Copies of a 56-page document to prepare and guide professional teachers in their work were yesterday handed over to colleges of education at a brief ceremony at the Accra College of Education (ACE).
Known as the National Teachers' Standards for Ghana Guidelines, the document is divided into three main domains, each with its own sub-divisions.
The domains are the professional values and attitudes which look at professional development and community of practice, professional knowledge and professional practice.
The book was produced by the National Teaching Council (NTC), with the support of the United Kingdom Aid (UKAid), through the Transforming Teacher Education and Learning (T-Tel) programme and the Japanese International Cooperation Agency (JICA).
Ghana News Headlines
For latest news in Ghana, visit Graphic Online news headlines page Ghana news page
The standards will form the basis for the curricula for teacher preparation and training, to better prepare teachers to give schoolchildren the best possible education and opportunity for a brighter future.
The Key Advisor for Tutor Professional Development and School Partnership of T-Tel, Professor Jonathan Fletcher, handed over copies of the document, on behalf of the Ministry of Education, to the Executive Secretary of the NTC, Dr Evelyn Owusu Oduro, for onward distribution to all colleges of education across the country.
Dr Oduro, in turn, handed them over to the Adenta and the La Nkwantanang/Madina Municipal Education Director, Ms Frances Mabel Williams, who symbolically handed them over to the Principal of the ACE, Dr Samuel Atintono.
On the content of the document, Dr Oduro said the three domains and aspects encompassed what teachers should value, know and do.
"The domains intersect with one another to develop a teacher competent enough to teach at the end of his/her initial teacher training," she explained.
Dr Oduro tasked the universities and the colleges of education to ensure that the design, content and delivery of their pre-service programme allowed student teachers to be successfully assessed against the standards at the end of their period of training.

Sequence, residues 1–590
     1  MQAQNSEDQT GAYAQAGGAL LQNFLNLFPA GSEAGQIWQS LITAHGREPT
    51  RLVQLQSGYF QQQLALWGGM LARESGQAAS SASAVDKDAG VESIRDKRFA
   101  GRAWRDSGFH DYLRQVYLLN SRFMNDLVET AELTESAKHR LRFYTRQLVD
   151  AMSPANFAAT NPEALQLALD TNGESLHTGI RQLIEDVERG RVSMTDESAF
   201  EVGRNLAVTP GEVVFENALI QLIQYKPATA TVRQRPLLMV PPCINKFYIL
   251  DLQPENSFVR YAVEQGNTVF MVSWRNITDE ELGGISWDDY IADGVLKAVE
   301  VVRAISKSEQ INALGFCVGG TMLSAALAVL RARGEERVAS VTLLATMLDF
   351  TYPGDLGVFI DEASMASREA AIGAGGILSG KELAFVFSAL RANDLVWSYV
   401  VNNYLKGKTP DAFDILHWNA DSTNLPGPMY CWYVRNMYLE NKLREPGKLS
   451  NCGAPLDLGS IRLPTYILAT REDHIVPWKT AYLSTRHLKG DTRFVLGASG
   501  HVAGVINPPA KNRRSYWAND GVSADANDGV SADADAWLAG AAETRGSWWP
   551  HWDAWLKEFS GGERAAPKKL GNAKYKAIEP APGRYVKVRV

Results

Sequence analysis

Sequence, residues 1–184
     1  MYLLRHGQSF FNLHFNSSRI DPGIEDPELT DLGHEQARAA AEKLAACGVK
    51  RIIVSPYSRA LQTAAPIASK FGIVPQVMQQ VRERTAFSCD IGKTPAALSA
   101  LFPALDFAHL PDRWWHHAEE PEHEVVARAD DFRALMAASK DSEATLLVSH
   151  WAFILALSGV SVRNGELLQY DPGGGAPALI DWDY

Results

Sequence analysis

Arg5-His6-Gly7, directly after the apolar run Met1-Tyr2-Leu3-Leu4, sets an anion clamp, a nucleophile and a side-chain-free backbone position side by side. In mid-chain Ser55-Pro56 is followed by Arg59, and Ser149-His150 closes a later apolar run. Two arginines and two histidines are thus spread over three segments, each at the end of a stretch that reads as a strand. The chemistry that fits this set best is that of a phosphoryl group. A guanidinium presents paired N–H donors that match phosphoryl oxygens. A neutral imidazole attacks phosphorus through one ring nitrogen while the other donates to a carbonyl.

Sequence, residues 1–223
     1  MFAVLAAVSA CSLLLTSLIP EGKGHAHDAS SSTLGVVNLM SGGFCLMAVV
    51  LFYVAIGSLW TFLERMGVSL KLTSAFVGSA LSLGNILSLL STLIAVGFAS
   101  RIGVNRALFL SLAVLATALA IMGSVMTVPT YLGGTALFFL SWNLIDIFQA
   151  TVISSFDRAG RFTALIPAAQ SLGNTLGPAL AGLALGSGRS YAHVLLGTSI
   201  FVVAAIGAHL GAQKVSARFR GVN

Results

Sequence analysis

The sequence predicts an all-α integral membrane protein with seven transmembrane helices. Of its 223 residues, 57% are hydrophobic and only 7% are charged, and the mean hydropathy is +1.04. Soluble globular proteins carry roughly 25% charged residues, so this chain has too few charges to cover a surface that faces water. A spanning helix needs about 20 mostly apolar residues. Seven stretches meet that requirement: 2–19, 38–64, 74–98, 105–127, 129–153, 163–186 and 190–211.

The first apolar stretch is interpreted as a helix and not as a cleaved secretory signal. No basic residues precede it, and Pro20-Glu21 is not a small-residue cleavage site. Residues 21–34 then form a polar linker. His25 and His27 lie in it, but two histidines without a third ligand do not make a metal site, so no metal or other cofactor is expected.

She said student teachers must be fairly assessed against the standards in accordance with what could be reasonably expected of teachers still learning to teach.
"Opportunities must also be given to those teachers already teaching in schools to apply their practice to the Teachers' Standards over a given period of time.
"These standards have been designed to improve the quality of teachers' delivery and students' performance and should be used as a tool to guide teacher educators, teachers and student teachers to identify what teachers are expected to know, the qualities they need to possess and exhibit," she advised.
Handing over the document, Prof. Fletcher recalled that the idea for teacher standards began 20 years ago and said he was happy that the idea came to fruition yesterday.
Baseline of expectations
Dr Atintono was grateful that the standards represented the first-ever collectively agreed standards to guide teacher preparation and practice in the country.
He said the standards set a clear baseline of expectations for the professional knowledge, practice, conduct, attitude, rights and obligations expected of teachers, “thus the training of our teacher trainees in the college is guided by these standards and they are assessed against the National Teachers’ Standards”.
He expressed appreciation to the government and the T-Tel for the support they were providing for the colleges of education to improve teacher education.